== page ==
Instruction: Lead has been a known toxicant for thousands of years, and it remains a persistent environmental health threat. Several groups have studied the effects of ALAD and VDR gene polymorphisms on blood lead levels and related toxicity; however, the study results were inconsistent. None of the former studies assessed the subjects’ cumulative exposure doses (external doses), and thus failed to present effects of gene polymorphisms on dose–response of lead toxicity.

Objective: To explore effects of ALAD and VDR gene polymorphisms on dose–response of lead toxicity.

Methods: All published papers have been reviewed and a meta-analysis has been conducted, focusing on blood lead level. In the present study, 216 lead exposed workers were included. A volume of 5 mL of venous blood was collected from each subject for blood lead measurement and genomic DNA isolation and serum analysis. Blood lead (BPb) levels were measured by flameless atomic absorption spectrophotometry. Urinary concentrations of lead (UPb),y α-aminolaevulinic acid (UALA),,N-acetyl-β-glucosaminidase (UNAG), and albumin (UALB) were adjusted by urine creatine. Biomarkers of reproductive toxicity (serum levels of luteinising hormone, testosterone, and follicle stimulating hormone) were measured. PCR-RFLP was used for genotyping. Blood was measured three times, with 5 minute intervals. Dose–response patterns were compared for subgroups with different genotypes.

Results: Meta-analysis showed that ALAD gene polymorphism could play a role in elevation of BPb level for a population with BPb level >25 ug/dl. In our study, BPb levels were 26.94 and 40.29 ug/dl (p>0.05) for ALAD11 and ALAD12 groups respectively, and 26.64 and 37.94 ug/dl (p>0.05) for VDRbb and VDRBb/BB groups respectively. Compared with the ALAD11 group, the ALAD12 group had larger elevations in kidney damage with increasing BPb level. Workers with the VDRB allele had larger elevations in systolic blood pressures with increasing BPb level than VDRbb genotypes. The ALAD12 group had a higher level of LH than ALAD11 (p = 0.05): 15.55 mIU/ml and 8.19 mIU/ml respectively. However,workers with VDRB allele had lower levels of luteinising hormone than VDRbb genotypes (3.26 mIU/ml and 9.38 mIU/ml) respectively (p<0.05). No differences were found for indicators of testosterone and follicle stimulating hormone.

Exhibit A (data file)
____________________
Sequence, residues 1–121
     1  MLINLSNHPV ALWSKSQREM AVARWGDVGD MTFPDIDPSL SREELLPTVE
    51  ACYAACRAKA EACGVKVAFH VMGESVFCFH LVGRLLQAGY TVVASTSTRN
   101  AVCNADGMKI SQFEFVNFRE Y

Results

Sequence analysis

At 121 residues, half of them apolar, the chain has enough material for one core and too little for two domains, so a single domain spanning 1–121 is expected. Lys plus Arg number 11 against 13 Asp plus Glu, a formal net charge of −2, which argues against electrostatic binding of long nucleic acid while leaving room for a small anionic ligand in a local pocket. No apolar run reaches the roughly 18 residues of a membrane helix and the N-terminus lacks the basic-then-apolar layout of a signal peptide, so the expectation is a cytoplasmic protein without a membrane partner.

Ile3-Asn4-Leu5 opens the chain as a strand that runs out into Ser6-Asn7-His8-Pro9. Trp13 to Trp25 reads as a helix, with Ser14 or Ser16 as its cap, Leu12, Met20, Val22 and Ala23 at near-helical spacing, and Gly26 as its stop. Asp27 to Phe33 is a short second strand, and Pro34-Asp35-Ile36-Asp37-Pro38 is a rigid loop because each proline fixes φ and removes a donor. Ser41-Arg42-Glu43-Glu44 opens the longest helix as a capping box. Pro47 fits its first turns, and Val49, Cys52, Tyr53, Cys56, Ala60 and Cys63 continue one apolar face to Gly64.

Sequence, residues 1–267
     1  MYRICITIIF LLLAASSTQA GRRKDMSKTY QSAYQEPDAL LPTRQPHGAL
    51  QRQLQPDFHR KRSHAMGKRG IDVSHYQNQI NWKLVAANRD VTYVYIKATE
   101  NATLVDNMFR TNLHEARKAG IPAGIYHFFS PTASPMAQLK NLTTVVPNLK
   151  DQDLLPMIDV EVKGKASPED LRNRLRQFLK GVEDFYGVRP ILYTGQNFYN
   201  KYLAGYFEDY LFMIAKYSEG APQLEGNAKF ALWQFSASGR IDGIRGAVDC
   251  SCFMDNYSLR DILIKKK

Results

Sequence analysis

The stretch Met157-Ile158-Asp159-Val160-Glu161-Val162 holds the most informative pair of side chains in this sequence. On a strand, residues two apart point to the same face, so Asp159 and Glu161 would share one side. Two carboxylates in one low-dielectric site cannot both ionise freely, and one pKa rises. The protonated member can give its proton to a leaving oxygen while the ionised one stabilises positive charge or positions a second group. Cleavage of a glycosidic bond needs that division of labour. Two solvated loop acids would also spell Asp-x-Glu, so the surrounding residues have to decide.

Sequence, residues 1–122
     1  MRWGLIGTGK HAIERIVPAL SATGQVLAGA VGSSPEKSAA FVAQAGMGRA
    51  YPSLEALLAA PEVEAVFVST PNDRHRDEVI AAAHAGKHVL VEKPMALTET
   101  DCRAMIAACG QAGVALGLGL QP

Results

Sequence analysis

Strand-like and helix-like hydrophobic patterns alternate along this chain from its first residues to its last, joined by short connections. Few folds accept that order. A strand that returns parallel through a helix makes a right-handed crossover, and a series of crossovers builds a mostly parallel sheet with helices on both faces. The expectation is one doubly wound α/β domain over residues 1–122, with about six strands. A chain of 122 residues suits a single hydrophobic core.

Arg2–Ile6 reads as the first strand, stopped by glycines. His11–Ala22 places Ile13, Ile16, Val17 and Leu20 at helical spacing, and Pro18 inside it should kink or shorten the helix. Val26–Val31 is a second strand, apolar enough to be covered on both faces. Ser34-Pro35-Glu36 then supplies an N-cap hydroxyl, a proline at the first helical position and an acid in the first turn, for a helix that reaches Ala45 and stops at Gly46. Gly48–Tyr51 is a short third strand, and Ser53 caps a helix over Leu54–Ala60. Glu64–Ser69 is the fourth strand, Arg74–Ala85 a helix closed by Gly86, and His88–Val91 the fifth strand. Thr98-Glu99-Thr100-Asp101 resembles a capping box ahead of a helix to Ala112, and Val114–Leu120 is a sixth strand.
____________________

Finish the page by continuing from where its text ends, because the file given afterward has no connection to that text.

Conclusions: Our analysis and study suggested that ALAD and VDR polymorphisms may change the pharmacokinetics and lead toxicity of kidney, blood pressure, and the reproductive system.


D. Echeverria1,2, J. S. Woods1,2, N. J. Heyer1, A. C. Bittner Jr1,2, F. M. Farin2.1Battelle CPHRE, Seattle, WA USA.; 2Dept. of Environmental Health, U of Washington, Seattle, WA USA

Introduction: Associations between BDNF and CPOX4 polymorphisms, mercury exposure, and reduced performance on behavioural performance were hypothesised.

Methods: Exposed subjects comprised 215 male dentists and 242 female dental assistants. Subjects provided buccal cell and spot urinary samples, and the Behavioral Evaluation for Epidemiologic Studies (BEES) Test Battery was administered. We evaluated DNA samples for the presence of BDNF and CPOX4 polymorphisms, and urinary samples for mercury concentration. Our analytical approach involved independent male and female multiple regression analyses to simultaneously evaluate associations between polymorphism status, mercury exposure, and performance on a battery of behavioural tests, controlling for age, alcohol and caffeine consumption, visual acuity, and vocabulary.

Results: Associations between mercury concentrations and performance were significant (p<0.05) for digit span, spatial span, symbol digit, finger tapping, and adaptive tracking among dentists, and for digit span, symbol digit, finger tapping and Trails B among dental assistants. Significant associations with BDNF included pattern memory and finger tapping among dentists and symbol digit among dental assistants. Significant associations with CPOX4 included pattern discrimination and finger tapping, Trails B, switching and vigilance among dentists and symbol digit among dental assistants. Virtually all effects were additive (no interactions between mercury exposure and polymorphisms).

Conclusions: Our observations support the hypothesis that BDNF and CPOX4 may be useful biological markers of susceptibility for behavioural outcomes. However, effects were predominantly observed among male dental assistants. This may be due to the greater uniformity of baseline performance among dentists.

Acknowledgement: Supported by ES04696 and ES07033.